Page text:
Your Process and Wastewater
Whether you are slaughtering, cooking, further processing, frying or a combination of all, our understanding of your process and the sources of the wastewater enables us to design complete treatment plants that work efficiently, economically and consistently under all conditions.
Depending on the type of processing facility, wastewater from meat and poultry processing operations can be heavily loaded with solids, fat, blood, manure, and a variety of organic compounds originating from proteins. The main sources of water contamination can be from stockyards, slaughtering, paunch handling, carcass washing, rendering, trimming, chillers, scold tanks, cooking ovens and general cleaning.
Meat and poultry processing wastewater contains a variety of biodegradable organic compounds, mainly consisting of particulate and dissolved fats and proteins. In comparison to some other food processing wastewater, meat and poultry wastewater is generally considered to be of a relatively high strength in terms of biochemical oxygen demand (BOD), chemical oxygen demand (COD), suspended solids (SS) and particularly high in nitrogen and phosphorus.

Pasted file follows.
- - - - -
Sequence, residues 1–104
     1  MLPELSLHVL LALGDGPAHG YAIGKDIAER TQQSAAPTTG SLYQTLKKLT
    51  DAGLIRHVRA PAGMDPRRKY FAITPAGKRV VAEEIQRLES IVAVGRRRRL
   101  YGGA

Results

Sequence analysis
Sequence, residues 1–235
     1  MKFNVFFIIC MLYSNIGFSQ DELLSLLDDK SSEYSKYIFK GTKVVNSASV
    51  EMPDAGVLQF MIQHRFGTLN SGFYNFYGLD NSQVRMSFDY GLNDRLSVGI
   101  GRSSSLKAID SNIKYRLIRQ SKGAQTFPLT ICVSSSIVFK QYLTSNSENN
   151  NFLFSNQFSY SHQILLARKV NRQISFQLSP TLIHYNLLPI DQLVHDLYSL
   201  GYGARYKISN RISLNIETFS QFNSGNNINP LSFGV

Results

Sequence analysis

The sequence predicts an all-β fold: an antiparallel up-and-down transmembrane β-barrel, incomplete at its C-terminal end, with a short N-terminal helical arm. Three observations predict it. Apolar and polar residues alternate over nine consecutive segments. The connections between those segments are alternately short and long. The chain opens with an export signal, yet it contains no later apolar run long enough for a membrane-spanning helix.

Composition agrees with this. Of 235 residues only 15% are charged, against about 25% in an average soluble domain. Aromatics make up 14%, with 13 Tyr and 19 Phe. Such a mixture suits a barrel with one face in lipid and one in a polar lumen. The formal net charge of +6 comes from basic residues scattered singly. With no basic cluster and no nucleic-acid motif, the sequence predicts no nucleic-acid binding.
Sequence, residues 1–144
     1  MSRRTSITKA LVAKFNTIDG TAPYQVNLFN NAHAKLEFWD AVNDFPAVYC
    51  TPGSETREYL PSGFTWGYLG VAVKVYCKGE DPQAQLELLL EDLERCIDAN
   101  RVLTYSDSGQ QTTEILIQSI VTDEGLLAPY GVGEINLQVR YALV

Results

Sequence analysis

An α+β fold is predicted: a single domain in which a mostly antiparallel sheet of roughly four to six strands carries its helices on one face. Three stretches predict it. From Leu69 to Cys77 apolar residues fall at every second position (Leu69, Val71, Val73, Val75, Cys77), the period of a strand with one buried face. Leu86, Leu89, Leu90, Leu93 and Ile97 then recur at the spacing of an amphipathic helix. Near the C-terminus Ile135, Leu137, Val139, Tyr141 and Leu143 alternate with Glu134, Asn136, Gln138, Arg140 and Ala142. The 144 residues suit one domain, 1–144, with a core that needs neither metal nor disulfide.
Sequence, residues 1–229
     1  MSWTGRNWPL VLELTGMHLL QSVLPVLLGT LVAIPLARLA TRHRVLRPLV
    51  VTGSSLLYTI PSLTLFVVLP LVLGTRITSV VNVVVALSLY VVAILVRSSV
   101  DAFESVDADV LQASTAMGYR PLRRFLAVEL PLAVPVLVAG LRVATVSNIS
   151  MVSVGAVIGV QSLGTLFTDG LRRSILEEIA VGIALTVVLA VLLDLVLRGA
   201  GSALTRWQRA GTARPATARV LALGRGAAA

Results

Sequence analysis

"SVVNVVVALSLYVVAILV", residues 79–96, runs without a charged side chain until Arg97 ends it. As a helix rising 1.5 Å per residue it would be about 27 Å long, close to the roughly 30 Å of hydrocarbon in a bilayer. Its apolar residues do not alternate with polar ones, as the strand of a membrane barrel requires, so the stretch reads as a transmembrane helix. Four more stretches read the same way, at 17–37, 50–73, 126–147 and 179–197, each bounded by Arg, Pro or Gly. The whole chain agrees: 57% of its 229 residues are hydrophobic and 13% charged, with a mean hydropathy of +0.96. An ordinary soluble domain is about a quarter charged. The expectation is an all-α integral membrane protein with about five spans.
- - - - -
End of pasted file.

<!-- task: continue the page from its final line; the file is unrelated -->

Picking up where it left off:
Blood and meat proteins are the most significant sources of nitrogen in the wastewater and rapidly give rise to ammonical nitrogen as breakdown occurs. Additionally blood (which has a COD of about 400,000 mg/L), if not properly controlled will add considerably to the organic load in the wastewater.
The following chart shows the typical range of raw wastewater characteristics from a beef slaughterhouse. Wastewater from other meat and poultry slaughtering operations have similar characteristics, however, the wastewater from further processing plants varies considerably.
Installation of a dissolved air flotation system for treatment of wastewater from meat and poultry processing operations is generally considered to be good practice as the bulk of the solids and grease can be quite easily and inexpensively removed which can allow discharge to sewer or significantly reduce the load on any secondary plant.